Only in America: A computer algorithm about guns has been created to predict who is most likely to be shot soon, or to shoot someone.
The Chicago Police Department, desperate to reduce gun violence by street gangs, authorized this unusual tool three years ago and has been using it to track and caution the most likely offenders.
It is a remarkable state of affairs that local governments must resort to such an approach to deal with the reality of gun mayhem. Yet it is sadly understandable, too, as a timid Congress cowed by the gun lobby fails to enact stronger gun-control laws for a nation increasingly flooded with high-powered weapons.
As a rule, a public anesthetized by gun abuse tends to pay attention to the ubiquity of guns in this country when massacres seize the headlines, like the San Bernardino terrorist attack that left 14 dead, or the shooting of 20 schoolchildren in Connecticut. But the full problem is far more widespread, deadly and almost routine, according to a survey by a team of reporters from The Times reviewing a year of these multiple shootings.
Tracking 358 armed encounters last year in which four or more people were killed or wounded, including attackers, the team counted 462 dead and 1,330 wounded, some scarred for life.
These brief, lethal outbursts of gunfire stirred no national concern. As a sum, they register like a dispatch from a secret war zone. They were sparked by minor, often drunken grievances — forgettable if guns had not been at hand. And the victims in these shootings are just a subset of the nearly 11,000 Americans killed by guns and the estimated 60,000 wounded each year in single homicides and assaults.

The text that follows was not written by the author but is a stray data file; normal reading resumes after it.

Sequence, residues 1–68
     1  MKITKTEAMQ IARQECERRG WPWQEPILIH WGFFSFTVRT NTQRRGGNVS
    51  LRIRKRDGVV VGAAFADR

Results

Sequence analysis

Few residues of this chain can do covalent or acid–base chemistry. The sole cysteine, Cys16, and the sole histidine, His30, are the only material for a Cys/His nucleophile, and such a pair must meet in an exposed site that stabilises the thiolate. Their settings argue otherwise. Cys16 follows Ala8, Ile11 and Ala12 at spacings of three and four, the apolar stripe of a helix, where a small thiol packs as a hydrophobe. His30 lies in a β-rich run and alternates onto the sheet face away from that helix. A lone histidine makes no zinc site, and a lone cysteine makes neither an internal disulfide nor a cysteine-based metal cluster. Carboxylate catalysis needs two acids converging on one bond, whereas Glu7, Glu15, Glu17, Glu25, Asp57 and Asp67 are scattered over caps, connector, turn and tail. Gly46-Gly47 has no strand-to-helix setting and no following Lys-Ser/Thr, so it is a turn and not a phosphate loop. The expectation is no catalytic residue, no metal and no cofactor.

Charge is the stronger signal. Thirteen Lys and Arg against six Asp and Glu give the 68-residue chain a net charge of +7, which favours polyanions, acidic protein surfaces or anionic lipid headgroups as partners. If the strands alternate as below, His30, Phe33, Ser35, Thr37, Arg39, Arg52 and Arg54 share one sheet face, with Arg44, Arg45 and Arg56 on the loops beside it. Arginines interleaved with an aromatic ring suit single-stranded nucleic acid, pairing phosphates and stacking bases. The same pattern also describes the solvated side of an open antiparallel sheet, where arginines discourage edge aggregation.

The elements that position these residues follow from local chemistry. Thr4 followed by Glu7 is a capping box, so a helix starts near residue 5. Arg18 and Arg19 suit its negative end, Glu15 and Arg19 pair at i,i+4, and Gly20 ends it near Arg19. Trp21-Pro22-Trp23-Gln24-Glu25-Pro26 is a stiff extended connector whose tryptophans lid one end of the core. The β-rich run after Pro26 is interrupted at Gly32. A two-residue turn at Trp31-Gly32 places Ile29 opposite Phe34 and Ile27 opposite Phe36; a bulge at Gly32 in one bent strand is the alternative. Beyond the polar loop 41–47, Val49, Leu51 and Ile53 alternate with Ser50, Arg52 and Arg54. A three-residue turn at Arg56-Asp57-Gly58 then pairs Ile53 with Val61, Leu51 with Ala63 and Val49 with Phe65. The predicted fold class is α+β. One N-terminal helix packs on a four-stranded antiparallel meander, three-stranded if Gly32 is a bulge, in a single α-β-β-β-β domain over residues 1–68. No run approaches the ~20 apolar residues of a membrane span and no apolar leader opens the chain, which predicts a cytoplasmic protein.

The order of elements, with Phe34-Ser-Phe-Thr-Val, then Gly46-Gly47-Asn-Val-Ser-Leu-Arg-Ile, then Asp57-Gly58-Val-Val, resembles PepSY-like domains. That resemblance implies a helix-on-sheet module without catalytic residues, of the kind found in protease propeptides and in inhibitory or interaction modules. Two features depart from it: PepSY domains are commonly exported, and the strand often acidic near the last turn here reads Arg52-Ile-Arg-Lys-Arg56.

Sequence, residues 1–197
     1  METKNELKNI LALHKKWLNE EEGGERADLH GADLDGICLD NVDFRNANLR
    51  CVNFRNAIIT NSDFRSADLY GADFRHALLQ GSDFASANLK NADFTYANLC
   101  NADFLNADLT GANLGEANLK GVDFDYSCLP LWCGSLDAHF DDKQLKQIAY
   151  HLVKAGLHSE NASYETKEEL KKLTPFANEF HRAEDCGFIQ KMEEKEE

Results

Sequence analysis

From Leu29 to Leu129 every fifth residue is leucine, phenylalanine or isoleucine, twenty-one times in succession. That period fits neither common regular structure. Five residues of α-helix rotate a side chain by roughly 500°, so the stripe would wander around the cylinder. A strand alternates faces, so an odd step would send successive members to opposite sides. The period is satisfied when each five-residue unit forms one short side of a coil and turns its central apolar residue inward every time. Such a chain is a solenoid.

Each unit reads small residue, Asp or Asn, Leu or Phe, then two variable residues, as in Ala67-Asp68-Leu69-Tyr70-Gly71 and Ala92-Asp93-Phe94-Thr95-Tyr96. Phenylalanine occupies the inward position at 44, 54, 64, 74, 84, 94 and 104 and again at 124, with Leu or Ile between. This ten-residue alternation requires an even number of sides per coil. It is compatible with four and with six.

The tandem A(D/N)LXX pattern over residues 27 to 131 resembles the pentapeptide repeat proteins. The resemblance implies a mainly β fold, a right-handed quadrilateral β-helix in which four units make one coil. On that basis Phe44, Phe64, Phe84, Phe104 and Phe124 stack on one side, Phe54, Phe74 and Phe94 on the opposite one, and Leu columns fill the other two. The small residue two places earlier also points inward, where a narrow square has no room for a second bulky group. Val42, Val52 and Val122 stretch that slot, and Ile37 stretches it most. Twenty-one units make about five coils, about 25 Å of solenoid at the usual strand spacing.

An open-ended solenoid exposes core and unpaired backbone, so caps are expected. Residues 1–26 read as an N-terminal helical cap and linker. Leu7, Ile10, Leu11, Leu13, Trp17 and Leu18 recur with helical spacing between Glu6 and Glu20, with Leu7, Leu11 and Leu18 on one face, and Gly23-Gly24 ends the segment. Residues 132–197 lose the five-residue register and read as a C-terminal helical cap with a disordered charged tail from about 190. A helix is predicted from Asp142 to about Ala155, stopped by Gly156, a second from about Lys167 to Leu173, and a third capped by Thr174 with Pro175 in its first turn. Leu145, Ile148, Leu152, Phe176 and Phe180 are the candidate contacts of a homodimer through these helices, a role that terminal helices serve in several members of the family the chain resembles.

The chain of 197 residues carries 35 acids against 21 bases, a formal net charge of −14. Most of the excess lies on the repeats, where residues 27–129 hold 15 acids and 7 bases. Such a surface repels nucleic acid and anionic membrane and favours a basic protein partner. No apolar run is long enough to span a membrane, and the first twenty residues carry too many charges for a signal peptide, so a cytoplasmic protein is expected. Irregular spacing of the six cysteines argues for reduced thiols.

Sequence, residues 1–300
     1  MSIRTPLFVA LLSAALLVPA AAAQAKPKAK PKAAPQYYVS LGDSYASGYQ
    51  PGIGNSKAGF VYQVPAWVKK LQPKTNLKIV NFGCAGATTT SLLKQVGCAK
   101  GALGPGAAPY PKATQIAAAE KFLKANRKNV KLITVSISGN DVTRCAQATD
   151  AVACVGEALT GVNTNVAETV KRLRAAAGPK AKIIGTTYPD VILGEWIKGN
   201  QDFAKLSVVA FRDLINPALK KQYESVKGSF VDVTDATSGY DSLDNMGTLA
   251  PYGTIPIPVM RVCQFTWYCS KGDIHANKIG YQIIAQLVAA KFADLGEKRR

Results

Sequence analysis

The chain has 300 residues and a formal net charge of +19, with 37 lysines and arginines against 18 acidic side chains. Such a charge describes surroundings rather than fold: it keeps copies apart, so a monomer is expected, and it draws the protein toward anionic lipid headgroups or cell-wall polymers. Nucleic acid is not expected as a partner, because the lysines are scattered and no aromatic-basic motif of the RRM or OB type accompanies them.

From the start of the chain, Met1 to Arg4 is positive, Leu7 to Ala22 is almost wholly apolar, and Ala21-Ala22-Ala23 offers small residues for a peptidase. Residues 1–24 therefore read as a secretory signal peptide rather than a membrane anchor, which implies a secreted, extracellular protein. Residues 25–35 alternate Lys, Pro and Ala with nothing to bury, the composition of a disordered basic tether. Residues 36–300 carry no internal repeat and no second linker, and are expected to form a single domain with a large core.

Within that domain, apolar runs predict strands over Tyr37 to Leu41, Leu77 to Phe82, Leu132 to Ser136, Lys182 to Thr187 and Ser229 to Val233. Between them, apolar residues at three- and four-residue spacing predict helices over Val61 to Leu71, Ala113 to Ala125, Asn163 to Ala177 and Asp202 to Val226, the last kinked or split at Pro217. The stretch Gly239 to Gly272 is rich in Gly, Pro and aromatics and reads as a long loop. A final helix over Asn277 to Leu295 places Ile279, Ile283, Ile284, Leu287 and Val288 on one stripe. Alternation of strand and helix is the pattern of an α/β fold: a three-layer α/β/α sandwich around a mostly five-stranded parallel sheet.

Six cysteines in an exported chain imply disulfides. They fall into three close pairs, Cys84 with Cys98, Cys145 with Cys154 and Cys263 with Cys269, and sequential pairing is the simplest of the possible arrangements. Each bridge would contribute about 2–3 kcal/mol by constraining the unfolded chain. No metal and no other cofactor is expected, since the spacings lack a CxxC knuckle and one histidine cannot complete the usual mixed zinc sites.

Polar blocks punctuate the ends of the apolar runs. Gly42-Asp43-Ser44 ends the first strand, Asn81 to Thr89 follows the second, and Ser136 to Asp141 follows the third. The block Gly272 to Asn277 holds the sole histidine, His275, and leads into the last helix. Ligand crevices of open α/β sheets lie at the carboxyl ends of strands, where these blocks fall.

This is a public health challenge of critical proportions deserving a thorough debate from the presidential candidates. Yet Donald Trump, in his march toward the Republican nomination, has made a befuddling series of corkscrew turns on guns, depending on his audience.
He went for full-throated Second Amendment pandering before the National Rifle Association, which endorsed him, last Friday. But two days later, talking to an interviewer on national TV, not gun zealots at a convention, he backed away from his vow earlier this year to ban all gun-free zones in schools on Day 1 in the White House. In his latest molting, Mr. Trump wants guns allowed only “in some cases” where teachers can be armed and trained.
In contrast, Hillary Clinton, the likely Democratic candidate, has for months been proposing a consistent agenda of gun controls. Mr. Trump previously favored a ban on assault weapons, but he dropped that once he was running as a Republican.
Mr. Trump’s supporters should be asking where in all his tweets and thunder there is believable concern for the nation’s gun victims instead of adolescent fantasies that they would have been better off armed for a “shootout.”
A Drumbeat of Multiple Shootings,but America Isn’t Listening SHARON LAFRANIERE, DANIELA PORAT and AGUSTIN ARMENDARIZMAY 22, 2016